Hammered Dulcimer design, construction, and unrelated stuff

Thursday, August 31, 2017

Watermelon rind preserves (not pickles)

This is a rare recipe that my family has been enjoying for many years, having learned it when we lived in the Ozarks.  It is for a real preserve that you eat on toast or put over ice cream or whatever.  They have a unique, warm, buttery flavor that is out of this world, and doesn't taste anything like watermelon.  

In all of our moves, we had somehow lost the original recipe, so for several years now, I have been recreating it from memory and refining it.  So this is my own recipe, and I consider it finished and wonderful.  

Eat a nice big melon, save the rind.
Peel the rind and chop up in small pieces, you don't have to remove the leftover red flesh.
Brine the rind overnight.  For every quart of water in your brine, use 2 Tablespoons of salt.
Next day, drain, rinse and drain again.
Measure the rind.  For every cup of rind, mix in 1/4 cup of sugar and let stand until some water is drawn out of the rind.
Simmer covered until the rind is translucent.
Uncover and boil gently to reduce until the preserves are as thick as you want.
Near the end of reducing, add 1 lemon, chopped and seeded. Canned lemon juice will also do. You want the brightness of the lemon for flavor, and also the acidity for canning.
I like to use a hand held blender to puree some of the preserves so the whole is thicker, but leave some larger chunks for texture.  Just stick the blender right in the pot.  This also helps the preserves thicken up faster. 
Put the hot preserves in hot pint or half pint jars, seal and process for 25 minutes in a hot water bath canner.

Processing in this case just means boiling.  If you are using half pint jars, then any large pot will do.  The jars need to be completely submerged with at least 2 inches of water over them.  So have your big pot of water just coming to a boil as you are filling the hot jars with hot preserves, then seal and drop the jars in the boiling water.  Keep the pot at a rolling boil for the full time.  When the time is up lift the jars from the water and let stand undisturbed until cool.  You'll hear them pop as they cool and the lids complete their seal.  After the jars are cool, you can remove the bands.  The vacuum created in the jars is enough to keep the lid securely sealed and on.  You'll need to wash the outside of the jars after they are cooled as some of the preserves will have leaked out into the boiling water.  Don't fill the jars to the top.  There needs to be 1/2" of head space for a half pint jar, more for a pint.  It is easy and fun, try it!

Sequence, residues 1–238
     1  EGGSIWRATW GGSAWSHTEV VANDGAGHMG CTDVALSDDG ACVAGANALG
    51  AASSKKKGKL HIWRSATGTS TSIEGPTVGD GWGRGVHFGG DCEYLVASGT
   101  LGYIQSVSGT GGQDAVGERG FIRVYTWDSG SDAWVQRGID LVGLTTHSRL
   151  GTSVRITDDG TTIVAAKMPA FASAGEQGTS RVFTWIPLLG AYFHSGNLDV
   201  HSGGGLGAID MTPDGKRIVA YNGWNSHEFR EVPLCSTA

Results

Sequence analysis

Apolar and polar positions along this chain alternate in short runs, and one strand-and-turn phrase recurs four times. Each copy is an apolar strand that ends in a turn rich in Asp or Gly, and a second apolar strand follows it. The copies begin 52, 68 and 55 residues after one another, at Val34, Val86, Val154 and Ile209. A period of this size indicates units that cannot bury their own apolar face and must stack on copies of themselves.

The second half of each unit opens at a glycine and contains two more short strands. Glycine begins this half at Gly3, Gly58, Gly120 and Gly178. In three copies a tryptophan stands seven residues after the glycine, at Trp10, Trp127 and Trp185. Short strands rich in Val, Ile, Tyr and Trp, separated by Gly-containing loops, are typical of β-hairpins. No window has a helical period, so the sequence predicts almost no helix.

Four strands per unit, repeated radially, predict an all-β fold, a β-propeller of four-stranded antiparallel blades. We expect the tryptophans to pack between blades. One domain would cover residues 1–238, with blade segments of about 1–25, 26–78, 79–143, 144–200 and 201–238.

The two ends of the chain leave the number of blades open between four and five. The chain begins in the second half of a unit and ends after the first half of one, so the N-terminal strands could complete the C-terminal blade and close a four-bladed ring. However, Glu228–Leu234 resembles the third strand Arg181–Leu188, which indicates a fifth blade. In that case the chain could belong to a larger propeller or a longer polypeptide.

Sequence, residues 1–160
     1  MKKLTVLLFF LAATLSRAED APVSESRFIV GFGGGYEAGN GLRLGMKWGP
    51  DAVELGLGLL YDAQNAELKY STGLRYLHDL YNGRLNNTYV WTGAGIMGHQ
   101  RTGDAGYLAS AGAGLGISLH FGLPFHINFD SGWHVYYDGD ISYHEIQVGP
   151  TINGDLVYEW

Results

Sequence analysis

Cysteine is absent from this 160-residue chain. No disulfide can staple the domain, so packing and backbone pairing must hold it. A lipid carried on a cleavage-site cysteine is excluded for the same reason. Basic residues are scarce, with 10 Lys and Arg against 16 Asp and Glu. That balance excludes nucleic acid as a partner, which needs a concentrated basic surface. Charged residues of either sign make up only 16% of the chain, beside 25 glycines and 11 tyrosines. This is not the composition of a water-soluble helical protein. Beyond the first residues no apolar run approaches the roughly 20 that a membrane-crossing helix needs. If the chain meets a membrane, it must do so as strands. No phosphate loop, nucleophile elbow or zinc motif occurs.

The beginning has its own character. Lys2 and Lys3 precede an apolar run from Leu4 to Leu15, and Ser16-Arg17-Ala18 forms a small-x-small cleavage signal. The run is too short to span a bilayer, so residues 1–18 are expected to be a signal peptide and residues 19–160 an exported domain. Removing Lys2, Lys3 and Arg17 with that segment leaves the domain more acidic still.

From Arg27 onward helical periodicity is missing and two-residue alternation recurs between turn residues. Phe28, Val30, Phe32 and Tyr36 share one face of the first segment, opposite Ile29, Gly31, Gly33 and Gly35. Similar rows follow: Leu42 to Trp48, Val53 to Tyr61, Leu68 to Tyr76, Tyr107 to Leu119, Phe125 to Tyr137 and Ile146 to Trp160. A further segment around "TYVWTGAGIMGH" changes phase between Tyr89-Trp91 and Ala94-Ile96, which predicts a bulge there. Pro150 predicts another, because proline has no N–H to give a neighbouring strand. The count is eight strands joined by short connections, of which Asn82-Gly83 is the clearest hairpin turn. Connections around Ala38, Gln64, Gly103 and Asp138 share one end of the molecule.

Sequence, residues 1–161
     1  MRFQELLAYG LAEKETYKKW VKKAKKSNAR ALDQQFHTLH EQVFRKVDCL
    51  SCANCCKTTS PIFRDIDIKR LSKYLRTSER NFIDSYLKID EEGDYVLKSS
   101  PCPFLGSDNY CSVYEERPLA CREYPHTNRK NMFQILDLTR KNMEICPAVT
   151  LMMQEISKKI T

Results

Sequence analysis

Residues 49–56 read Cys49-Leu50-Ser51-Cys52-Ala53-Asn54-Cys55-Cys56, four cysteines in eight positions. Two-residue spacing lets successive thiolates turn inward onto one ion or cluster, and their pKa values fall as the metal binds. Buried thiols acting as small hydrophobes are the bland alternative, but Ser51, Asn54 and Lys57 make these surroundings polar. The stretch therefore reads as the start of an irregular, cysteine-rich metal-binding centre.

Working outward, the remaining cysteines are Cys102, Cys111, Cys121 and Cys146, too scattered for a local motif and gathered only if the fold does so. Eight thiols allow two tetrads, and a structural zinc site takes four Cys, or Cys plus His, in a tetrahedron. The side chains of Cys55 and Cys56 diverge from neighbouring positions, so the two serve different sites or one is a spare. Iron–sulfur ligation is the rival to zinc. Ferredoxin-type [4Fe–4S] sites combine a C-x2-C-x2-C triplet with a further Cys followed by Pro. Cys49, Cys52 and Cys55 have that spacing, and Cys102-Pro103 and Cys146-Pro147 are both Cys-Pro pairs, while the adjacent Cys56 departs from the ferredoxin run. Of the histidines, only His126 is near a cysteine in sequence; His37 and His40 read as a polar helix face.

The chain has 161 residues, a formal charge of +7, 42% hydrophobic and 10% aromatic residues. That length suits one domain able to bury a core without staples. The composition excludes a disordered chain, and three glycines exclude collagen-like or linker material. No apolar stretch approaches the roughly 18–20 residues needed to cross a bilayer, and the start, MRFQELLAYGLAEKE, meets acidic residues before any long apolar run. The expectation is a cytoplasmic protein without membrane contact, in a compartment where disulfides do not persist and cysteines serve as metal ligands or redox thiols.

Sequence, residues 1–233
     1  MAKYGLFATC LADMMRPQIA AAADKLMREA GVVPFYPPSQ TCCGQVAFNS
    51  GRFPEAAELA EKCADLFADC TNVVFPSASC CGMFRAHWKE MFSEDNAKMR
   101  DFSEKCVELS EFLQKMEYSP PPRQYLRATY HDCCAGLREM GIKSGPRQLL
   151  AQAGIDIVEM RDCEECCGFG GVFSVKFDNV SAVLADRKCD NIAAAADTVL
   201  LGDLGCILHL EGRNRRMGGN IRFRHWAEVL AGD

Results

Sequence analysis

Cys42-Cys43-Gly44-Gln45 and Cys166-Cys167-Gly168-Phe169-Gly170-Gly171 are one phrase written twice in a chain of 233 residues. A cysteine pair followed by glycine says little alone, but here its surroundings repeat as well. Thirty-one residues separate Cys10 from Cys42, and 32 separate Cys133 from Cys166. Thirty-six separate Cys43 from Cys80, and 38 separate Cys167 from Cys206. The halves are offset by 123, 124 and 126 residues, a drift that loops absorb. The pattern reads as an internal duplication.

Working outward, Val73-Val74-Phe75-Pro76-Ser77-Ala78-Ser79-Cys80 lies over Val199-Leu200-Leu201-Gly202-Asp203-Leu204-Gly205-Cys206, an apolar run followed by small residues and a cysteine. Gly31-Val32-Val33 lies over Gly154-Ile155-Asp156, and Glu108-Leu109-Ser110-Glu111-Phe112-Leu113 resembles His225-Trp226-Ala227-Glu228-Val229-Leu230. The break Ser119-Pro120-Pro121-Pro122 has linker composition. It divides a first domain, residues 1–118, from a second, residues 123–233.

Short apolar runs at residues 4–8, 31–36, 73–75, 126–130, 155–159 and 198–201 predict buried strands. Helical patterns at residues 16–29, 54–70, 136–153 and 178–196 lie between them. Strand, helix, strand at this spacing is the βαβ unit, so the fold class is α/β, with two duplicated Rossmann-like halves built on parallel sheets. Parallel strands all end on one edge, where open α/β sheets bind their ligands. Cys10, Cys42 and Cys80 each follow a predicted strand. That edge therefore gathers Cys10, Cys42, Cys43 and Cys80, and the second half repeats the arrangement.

Saturday, August 19, 2017

How many ears of corn to buy for canning

Iowa.  August is canning season, and sweet corn is king.  Most folks around here like to blanch and freeze their corn, but we like to pressure can it.  After it cools, it doesn't matter how long you keep it, it will be the same then as it is now.  Stuff in the freezer seems to deteriorate over time, and ours is small and full of meat.

We always raised our own corn, but this year decided to buy it instead from some friends who do a wonderful job, and devote our limited garden space to green beans, potatoes and sweet potatoes.  When we canned our own corn that we grew, I never kept track of how much it took to fill up a jar, so didn't know how much to buy.  I couldn't find the answer anywhere, so here it is.  4 1/2 ears per quart.  I have 2 canners, so that is 14 quart jars, and 5 dozen filled them perfectly.  These were normal sized ears, if you have small ones you ought to buy a few extra.   If you wanted to eat about a quart of corn a week for 30 weeks, you should buy 12 dozen.

Canned sweet corn is a pretty big job, but SO worthwhile.  Corn doesn't get any better than this here in Iowa.  And it is local, we know the producers and how they manage the operation, and even what variety it is they are growing, so we know this is good for us.  We believe our gardening, buying from the farmers market and preserving our own food is one of the most important things we do.  We believe that everybody if they have some opportunity should be producing at least some of their own food.  If you have a kitchen, this is something you can do, there will be a farmers market somewhere nearby and canning and freezing your own food for winter is fun!